linked to the conflict between Israel and the Palestinians. "If we
understand how anti-Semitism works, we can avoid the vicious circle,"
she said. "'The Merchant of Venice' is a key to that. Also, through
the play, other people will be able to understand why they themselves
The idea of a persisting "Jewish space" in Europe has taken
hold among some European Jewish artists and intellectuals over the past
The Paris-based cultural historian Diana Pinto coined the term in the
1990s to describe the place occupied by Jews, Jewish culture and Jewish
memory within mainstream European society. "Jewish space in Europe
is a place of interaction with non-Jews, a space that is full of potential,"
said Pinto, who attended the Prague meeting.
In engaging in this interaction, she said, Jewish artists often face particular
dilemmas. "Whom are we speaking to?" she said. "How do
we deal with the non-Jewish Other? Do we have to be visibly Jewish?"
The Italian actor and singer Enrico Fink said that the thrust and content
of his performances are influenced by the fact that Italians generally
know little about Jews and Judaism other than popular stereotypes. "I
have to throw in a bit of Judaism 101 with each performance, like candy,"
he said. Only about 35,000 Jews live in Italy, out of a total population
of 60 million. Fink has built his career on projecting a stage presence
that clearly identifies him as a Jew. To do so, he said, was a public
admission that he was "different."
"We European Jews have so long been the representation of the Other,"
he said. "We have become diagonal, oblique. We live out this obliqueness
by living a false identity." A centerpiece in Prague was the first
reading of a new play by the London-based writer Eva Hoffman based on
the World War II massacre of Jews by Catholic neighbors in the Polish
village of Jedwabne.
Revelations about Jedwabne three years ago touched off a lacerating debate
in Poland over Holocaust memory and complicity and culminated in Poland's
president making a public apology for the massacre on its 60th anniversary
in July 2001.
Called "The Ceremony," the play is the first dramatic work by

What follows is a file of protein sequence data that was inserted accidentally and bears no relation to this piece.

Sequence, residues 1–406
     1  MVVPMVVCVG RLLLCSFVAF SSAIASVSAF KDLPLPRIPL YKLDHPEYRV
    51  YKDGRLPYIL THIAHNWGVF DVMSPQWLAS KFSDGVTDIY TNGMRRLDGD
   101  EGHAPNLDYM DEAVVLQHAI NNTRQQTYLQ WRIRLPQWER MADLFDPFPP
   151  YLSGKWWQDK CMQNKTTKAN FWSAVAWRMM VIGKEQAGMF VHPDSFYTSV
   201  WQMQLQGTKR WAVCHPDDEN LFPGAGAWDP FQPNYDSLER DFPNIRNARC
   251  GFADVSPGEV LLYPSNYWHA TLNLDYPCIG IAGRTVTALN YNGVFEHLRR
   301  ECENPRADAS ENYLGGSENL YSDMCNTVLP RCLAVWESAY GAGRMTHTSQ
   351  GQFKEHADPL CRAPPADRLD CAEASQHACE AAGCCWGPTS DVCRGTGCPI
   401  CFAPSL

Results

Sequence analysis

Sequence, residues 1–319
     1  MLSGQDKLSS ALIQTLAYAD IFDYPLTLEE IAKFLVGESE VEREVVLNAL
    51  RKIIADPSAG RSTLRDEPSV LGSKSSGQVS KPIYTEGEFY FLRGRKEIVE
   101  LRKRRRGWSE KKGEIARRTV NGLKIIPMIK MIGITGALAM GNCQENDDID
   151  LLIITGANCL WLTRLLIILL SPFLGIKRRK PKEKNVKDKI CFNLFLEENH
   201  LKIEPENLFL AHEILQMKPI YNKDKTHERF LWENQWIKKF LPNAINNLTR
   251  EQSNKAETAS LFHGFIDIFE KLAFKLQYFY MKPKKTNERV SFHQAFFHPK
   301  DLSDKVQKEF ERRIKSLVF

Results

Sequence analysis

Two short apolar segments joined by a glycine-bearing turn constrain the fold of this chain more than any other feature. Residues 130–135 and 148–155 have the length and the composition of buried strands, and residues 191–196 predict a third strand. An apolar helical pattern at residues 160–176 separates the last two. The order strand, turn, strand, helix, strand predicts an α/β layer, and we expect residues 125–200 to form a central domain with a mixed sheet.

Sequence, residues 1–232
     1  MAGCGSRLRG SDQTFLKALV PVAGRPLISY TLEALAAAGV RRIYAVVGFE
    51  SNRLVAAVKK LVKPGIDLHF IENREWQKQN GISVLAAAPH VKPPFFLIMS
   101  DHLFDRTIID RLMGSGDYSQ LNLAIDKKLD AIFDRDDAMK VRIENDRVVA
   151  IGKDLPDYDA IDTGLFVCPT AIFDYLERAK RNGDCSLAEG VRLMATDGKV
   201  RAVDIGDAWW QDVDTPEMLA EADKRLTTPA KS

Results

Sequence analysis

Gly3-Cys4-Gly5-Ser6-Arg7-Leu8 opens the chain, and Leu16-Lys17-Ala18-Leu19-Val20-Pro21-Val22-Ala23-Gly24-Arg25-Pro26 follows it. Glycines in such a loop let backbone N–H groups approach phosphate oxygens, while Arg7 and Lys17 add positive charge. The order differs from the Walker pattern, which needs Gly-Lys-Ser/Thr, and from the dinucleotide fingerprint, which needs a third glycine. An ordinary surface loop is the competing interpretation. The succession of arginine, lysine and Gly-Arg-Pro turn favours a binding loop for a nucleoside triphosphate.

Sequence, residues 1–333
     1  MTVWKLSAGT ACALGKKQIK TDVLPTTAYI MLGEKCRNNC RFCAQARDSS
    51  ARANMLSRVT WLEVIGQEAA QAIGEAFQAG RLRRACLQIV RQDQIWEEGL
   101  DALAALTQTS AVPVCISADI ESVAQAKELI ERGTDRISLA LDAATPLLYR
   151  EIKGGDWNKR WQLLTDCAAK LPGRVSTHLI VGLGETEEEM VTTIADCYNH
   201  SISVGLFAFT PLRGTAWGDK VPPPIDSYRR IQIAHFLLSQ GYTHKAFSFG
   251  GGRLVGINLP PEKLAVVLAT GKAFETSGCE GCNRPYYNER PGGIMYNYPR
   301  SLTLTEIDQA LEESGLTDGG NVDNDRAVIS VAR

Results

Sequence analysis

the Polish-born Hoffman, a former editor and writer at The New York Times
whose books have won a number of awards. Its theme is how contemporary
characters and, indeed, the contemporary audience itself, relate to the
horrific story that happened more than 60 years in the past.
"Although the play is grounded firmly in the specific facts of a
particular history," Hoffman said she hoped it would "have reverberations
for other events of a similar kind."
The revelations about the Jedwabne massacre came in the book "Neighbors,"
by the Polish-American scholar Jan Gross, that was first published in
2000 by the Borderland Foundation, a cultural association based in the
northern Polish town of Sejny. Borderland's director, Krzysztof Czyzewski,
attended the Prague seminar and was one of the few non-Jews who took part
in the meeting. He described how his foundation, which promotes education
and understanding of minority cultures, uses Jewish music, art and history
to teach local non-Jewish young people about the traditions of their country.
He said finding a common language was a challenge for cultural interaction.
Artists and performers, he said, were constantly breaking taboos. Still,
he said, he felt that only Jews themselves could really be self-critical
and deal honestly with both the positive and the negative aspects of Jewish
experience in their work.
"If you stop doing it can become a dangerous situation," he
said. "Only through you can these things be touched."
Ruth Ellen Gruber is the author of "Virtually Jewish: Reinventing
Jewish Culture in Europe."